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(thinkprogress.orgAs we’ve been noting, corporate profits have made it back to their pre-recession heights (even if corporate tax revenue hasn’t followed suit). In fact, in 2011, corporate profits hit their highest level since 1950. But as Bloomberg News noted today, this hasn’t translated into wage growthor more purchasing power for workers:

Companies are improving margins and generating profits as wage growth for the American worker lags behind the prices of goods and services…While benefiting the bottom line for businesses, the decline in inflation-adjusted wages bodes ill for the sustainability of economic growth as consumers may eventually be forced to cut back. […]

Of the 394 companies in the Standard & Poor’s 500 Index that have reported since Jan. 9, earnings for the quarter ended Dec. 31 increased 5.1 percent on average and beat analyst estimates by 3.2 percent. Some 70 percent of the companies have posted better-than-projected results.

This pattern has become all too familiar during the slow economic recovery. In fact, real wages fell in 2011, despite record corporate profits. “There’s never been a postwar era in which unemployment has been this high for this long,” explained labor economist Gary Burtless. “Workers are in a very weak bargaining position.”

Between 2009 and 2011, 88 percent of national income growth went to corporate profits, while just 1 percent went to wages, a stat that is “historically unprecedented.”

by Pat Garofalo

Source:
http://thinkprogress.org/economy/2012/02/22/430190/corporate-profits-wages-2012/?mobile=nc

Pat Garofalo is Economic Policy Editor for ThinkProgress.org at the Center for American Progress Action Fund. Pat’s work has also appeared in The Nation, U.S. News & World Report, The Guardian, the Washington Examiner, and In These Times. He has been a guest on MSNBC and Al-Jazeera television, as well as many radio shows. Pat graduated from Brandeis University, where he was the editor-in-chief of The Brandeis Hoot, Brandeis’ community newspaper, and worked for the International Center for Ethics, Justice, and Public Life. src: truth-out.org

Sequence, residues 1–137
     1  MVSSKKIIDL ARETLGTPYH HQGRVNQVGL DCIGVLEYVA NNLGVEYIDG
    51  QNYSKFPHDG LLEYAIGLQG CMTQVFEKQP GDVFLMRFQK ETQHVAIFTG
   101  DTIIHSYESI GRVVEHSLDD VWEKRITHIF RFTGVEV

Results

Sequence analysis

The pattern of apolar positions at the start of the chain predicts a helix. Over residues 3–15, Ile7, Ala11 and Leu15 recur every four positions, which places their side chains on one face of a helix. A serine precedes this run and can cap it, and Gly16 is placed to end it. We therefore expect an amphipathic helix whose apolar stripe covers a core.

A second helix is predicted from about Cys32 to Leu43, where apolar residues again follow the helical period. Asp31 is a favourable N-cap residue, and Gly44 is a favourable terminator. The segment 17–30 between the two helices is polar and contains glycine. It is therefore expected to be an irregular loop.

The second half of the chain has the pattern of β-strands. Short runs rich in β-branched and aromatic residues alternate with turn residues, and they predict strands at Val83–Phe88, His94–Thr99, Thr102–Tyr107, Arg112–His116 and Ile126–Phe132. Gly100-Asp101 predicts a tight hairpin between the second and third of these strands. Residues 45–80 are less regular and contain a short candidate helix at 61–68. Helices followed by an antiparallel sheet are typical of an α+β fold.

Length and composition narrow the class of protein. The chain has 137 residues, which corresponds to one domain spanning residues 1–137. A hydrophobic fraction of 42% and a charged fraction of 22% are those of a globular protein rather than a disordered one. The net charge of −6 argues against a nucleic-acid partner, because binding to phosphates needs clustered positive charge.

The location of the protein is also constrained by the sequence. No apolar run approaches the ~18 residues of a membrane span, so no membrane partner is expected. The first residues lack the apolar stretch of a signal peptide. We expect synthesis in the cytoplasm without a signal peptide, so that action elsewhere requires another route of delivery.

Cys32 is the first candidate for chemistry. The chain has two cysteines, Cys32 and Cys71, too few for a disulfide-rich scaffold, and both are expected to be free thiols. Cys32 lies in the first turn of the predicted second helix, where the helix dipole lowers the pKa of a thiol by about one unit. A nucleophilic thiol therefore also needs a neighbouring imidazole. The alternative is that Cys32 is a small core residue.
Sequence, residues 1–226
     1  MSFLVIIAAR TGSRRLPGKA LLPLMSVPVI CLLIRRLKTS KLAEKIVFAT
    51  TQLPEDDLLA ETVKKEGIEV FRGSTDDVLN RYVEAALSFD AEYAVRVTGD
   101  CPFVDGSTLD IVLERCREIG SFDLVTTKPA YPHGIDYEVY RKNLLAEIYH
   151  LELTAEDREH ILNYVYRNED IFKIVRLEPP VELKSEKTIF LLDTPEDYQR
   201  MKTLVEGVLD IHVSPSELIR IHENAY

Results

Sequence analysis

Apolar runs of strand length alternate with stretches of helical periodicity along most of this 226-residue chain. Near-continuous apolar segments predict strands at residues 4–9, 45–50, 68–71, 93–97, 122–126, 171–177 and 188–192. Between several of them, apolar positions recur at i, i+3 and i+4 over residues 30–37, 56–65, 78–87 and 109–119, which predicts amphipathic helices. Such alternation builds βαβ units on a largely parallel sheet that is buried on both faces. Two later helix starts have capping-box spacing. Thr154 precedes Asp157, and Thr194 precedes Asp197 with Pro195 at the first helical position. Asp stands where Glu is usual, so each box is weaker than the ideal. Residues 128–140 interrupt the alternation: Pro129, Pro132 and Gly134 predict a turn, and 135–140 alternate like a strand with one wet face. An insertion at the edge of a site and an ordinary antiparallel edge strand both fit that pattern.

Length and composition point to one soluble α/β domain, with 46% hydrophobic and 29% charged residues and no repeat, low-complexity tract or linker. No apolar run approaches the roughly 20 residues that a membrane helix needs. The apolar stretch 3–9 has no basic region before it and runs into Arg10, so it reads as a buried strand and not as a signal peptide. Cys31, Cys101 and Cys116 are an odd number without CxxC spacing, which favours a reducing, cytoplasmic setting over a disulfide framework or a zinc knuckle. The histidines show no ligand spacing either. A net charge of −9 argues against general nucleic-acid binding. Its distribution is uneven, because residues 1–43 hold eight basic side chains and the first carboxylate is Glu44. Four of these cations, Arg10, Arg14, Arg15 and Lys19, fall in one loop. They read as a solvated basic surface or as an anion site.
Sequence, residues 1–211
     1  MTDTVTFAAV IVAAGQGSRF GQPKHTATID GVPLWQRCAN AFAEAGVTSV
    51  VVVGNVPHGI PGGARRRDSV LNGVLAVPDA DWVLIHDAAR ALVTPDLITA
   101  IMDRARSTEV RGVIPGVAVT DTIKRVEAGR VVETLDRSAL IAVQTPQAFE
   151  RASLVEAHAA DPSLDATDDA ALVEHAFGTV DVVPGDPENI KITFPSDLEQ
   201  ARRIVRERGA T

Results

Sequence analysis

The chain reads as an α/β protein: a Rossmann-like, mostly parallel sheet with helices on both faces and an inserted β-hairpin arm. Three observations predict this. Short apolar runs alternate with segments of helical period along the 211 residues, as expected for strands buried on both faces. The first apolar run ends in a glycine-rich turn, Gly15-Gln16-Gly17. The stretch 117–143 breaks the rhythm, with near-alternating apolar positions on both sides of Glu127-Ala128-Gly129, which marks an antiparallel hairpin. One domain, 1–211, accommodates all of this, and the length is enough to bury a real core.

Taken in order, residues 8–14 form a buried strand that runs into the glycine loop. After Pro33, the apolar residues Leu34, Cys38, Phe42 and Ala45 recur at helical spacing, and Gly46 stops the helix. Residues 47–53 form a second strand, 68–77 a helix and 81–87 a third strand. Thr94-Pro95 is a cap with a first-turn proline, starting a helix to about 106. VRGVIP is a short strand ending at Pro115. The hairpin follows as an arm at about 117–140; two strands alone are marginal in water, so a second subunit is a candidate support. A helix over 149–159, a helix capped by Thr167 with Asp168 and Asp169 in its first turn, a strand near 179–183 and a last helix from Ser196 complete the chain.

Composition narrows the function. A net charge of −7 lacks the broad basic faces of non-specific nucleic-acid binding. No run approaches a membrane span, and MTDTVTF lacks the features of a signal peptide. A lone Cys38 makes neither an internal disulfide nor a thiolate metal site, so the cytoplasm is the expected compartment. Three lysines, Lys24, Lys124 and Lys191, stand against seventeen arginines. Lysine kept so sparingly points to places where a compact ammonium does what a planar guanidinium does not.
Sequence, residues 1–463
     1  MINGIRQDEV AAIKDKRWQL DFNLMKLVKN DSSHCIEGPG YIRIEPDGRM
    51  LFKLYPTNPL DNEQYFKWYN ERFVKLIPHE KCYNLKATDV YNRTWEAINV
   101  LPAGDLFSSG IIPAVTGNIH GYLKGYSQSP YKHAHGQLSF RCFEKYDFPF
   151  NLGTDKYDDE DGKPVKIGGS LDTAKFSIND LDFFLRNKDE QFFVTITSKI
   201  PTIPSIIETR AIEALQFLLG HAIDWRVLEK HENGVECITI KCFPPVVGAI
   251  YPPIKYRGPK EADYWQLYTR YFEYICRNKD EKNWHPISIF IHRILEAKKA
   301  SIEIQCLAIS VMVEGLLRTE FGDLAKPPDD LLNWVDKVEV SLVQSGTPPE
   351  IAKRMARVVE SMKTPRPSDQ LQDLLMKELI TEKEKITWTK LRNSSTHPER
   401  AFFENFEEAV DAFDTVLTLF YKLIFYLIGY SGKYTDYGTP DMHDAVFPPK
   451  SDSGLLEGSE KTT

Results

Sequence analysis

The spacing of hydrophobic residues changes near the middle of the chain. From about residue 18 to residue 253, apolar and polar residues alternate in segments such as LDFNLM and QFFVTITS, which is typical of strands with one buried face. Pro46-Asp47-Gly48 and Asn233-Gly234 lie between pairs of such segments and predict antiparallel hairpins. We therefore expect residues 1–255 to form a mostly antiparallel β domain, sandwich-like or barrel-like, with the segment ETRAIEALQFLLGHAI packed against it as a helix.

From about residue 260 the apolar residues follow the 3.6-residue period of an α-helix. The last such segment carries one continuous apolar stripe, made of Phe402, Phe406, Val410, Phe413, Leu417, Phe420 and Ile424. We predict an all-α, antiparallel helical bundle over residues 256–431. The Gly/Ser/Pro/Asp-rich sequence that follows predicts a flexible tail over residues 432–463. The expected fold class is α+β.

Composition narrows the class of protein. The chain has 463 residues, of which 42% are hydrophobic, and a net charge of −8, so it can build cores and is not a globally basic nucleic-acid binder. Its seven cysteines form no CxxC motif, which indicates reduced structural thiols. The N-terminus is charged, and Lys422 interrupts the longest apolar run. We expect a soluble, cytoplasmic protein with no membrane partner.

( on Feb 21, 2012 It’s been a tough night in Brussels where Eurozone ministers have reached a deal on a second bailout for Greece. It took them several hours to agree on the one-hundred-and-thirty-billion euro cash injection, expected to save the country from default. Earlier the Greek Parliament went through a storm of public outrage and several internal conflicts to approve the austerity measures demanded by international creditors.

(The Vast Minority) ATHENS is burning tonight, Sunday February 12. From the Greek Streets: “Tens of banks and other buildings are burning across Athens after today’s demonstrations. There are huge riots in Thessaloniki and Patra as well. The situation seems to be spiralling out of control.”

Reuters reports:  “Historic cinemas, cafes and shops went up in flames in central Athens on Sunday as black-masked protesters fought Greek police outside parliament, while inside lawmakers looked set to defy the public rage by endorsing a new EU/IMF austerity deal.

“As parliament prepared to vote on a new 130 billion euro bailout to save Greece from a messy bankruptcy, a Reuters photographer saw the buildings engulfed in flames and huge plumes of smoke rose in the night sky.

“The air over Syntagma Square outside parliament was thick with tear gas as riot police fought running battles with youths who smashed marble balustrades and hurled stones and petrol bombs.

“Many businesses were ablaze, including the neo-classical home to the Attikon cinema dating from 1870 and a building housing the Asty, an underground cinema used by the Gestapo during World War Two as a torture chamber.

“As fighting raged for hours, protesters threw home made bombs made from gas canisters as riot police advanced across the square on the crowds, firing tear gas and stun grenades. Loud booms
from the protests could be heard inside parliament. ‘Tear gas has reached the parliament chamber,’ said leftist lawmaker Panagiotis Lafazanis.

“‘Enough is enough!'” said 89-year-old Manolis Glezos, one of Greece’s most famous leftists.’They have no idea what an uprising by the Greek people means. And the Greek people, regardless of ideology, have risen.’

“Glezos is a national hero for sneaking up the Acropolis at night in 1941 and tearing down a Nazi flag from under the noses of the German occupiers, raising the morale of Athens residents.